Arachnophobia and Camping
Eight Legged Monsters
Spiders are everywhere, from you own bedroom to five star hotels, and they are definitely there when you are camping. It wasn’t too long ago that I was deathly afraid of spiders, much to the amusement of my brothers, but being a fan of traveling and nature and all things involving a tent, I have been battling that fear my whole life, because love of camping and fear of spiders do not work well together.
They are more afraid of you…
Yup, my mom tried that on me several times. The old “they are more afraid of you than they are of me”, but once you’ve woken up from a nap on the couch only to find a giant, hairy black spider of unknown species chilling on the wall above your head, and your stomach lurches and your breath is sucked out of you and your whole body is tingling and your mind is reeling and you can’t call for help and you feel paralyzed with fear, I started to question what my mom was saying, because, honestly, that spider on the wall could not have care less about me. Of that, I am certain. I am also certain that this was the incident in which I decided to actively start to deal with my arachnophobia, because as you can see it was starting to prevent me from doing things that I loved, like taking walks in the woods, exploring the jungle, spending the night in a tent, or worse, falling asleep on the couch.
There are lots of ways to battle your fear of arachnophobia. The best one is and always will be: face your fears head on. And remember, baby steps.
For me, it took spending my summers in the jungle. All of a sudden there was a whole new crew of spiders to be afraid of, and they were everywhere it seemed. I couldn’t always see them, but the telltale webs gave them away. It was in this house that the above mentioned couch incident happened and shortly thereafter I began actively working to combat my fear.
Step one: Facing my fear
The next time I saw a spider I would force myself to just be in the same room as that spider, and keep telling myself that these were a natural part of this world, city or jungle alike, and that whereas they may not be more afraid of me than I them, they were also not plotting against me and should I come in contact with a spider, it was probably not going to kill me. Yes, most spiders are venomous, but only to their prey, not to people. We may just have a slight annoying reaction, but nothing life threatening.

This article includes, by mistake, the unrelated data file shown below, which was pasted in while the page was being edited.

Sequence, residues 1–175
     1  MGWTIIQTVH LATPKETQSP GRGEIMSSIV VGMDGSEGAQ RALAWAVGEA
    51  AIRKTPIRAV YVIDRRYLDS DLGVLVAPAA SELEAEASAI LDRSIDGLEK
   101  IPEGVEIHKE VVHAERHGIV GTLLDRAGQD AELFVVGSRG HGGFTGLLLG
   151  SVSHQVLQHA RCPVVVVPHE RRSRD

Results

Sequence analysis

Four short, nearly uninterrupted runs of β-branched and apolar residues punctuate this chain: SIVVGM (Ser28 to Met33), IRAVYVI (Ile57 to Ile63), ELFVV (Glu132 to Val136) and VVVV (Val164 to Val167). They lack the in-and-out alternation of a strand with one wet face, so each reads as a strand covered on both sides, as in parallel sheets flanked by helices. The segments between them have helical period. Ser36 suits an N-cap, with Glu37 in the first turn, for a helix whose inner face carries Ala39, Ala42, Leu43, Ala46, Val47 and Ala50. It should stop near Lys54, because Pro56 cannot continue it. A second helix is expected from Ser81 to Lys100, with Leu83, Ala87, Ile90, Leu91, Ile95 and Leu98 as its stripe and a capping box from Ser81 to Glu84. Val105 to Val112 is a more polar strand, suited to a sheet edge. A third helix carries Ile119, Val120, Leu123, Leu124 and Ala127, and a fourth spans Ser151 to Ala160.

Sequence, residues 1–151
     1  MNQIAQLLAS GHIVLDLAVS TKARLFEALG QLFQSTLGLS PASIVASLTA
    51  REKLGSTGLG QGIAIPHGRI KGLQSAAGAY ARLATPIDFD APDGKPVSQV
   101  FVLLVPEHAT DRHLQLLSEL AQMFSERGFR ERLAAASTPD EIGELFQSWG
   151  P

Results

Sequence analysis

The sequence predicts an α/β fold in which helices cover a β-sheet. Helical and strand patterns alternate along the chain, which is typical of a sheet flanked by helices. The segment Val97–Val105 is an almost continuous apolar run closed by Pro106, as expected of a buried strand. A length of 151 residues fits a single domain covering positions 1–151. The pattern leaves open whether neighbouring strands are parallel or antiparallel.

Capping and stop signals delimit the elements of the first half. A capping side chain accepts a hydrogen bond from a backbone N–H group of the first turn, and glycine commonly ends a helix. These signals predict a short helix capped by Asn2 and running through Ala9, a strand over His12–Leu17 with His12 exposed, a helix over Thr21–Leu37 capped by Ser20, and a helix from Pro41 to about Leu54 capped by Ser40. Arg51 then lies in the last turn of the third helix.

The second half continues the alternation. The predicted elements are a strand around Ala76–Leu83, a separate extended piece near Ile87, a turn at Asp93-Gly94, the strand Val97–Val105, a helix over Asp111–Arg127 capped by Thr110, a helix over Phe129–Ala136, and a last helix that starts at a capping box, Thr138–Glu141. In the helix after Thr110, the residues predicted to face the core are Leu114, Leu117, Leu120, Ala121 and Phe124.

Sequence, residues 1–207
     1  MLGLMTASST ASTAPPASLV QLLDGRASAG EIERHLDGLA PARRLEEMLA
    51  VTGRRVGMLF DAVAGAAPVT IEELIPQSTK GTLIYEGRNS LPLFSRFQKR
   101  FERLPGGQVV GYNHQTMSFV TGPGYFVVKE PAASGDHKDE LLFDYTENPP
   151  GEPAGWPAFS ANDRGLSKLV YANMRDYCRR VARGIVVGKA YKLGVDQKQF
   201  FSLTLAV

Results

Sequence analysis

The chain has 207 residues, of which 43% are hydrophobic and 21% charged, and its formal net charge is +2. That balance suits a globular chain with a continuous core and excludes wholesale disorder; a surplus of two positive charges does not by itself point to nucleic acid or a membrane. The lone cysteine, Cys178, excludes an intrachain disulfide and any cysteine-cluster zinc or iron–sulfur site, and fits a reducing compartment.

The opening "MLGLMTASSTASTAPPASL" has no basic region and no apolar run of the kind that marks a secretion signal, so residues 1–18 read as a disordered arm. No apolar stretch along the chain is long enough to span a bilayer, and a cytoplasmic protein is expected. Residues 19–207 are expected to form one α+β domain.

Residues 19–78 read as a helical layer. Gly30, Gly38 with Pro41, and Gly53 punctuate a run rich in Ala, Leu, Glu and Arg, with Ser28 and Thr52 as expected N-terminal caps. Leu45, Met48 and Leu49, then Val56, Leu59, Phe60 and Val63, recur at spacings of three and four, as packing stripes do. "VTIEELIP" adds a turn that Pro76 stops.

Step two: educate myself
I tried to find out about spiders and all the “cool” things they could do. But some of those things just freaked me out more. Like, some can weave an air tank for themselves so they can swim and breathe under water!!! Yup, didn’t want to know that! Some carry their babies around on their back until they are ready to fend for themselves. This one I also learned the hard way. I had finally summoned the courage to approach a particularly fat and hairy looking spider in my bedroom. Armed with a flop flop I took a deep breath and swatted the spider only to see hundreds of tiny baby spiders scatter in all directions!! This was a minor setback in the battle against arachnophobia. But the more I read about spiders, the cooler they became.
Step three: be patient
It took some time, and I’m still not totally comfortable with spiders, but what really got me looking at them in a different light was focusing on the fact that they would catch and kill all the mosquitos that were sucking me dry and leaving me a bloody scab of itchy bumps. There is nothing that brings two people together than finding common ground.
Don’t let fear of bugs or spiders or snakes or anything get in your way of getting out into nature. Face your fears, grab a tent and get out and explore the world. The more you educate yourself, the more you’ll appreciate everything that nature has to offer. For the best canvas wall tents, sportsmen tents and camping equipment check out Denver Tent Company in Denver, Colorado.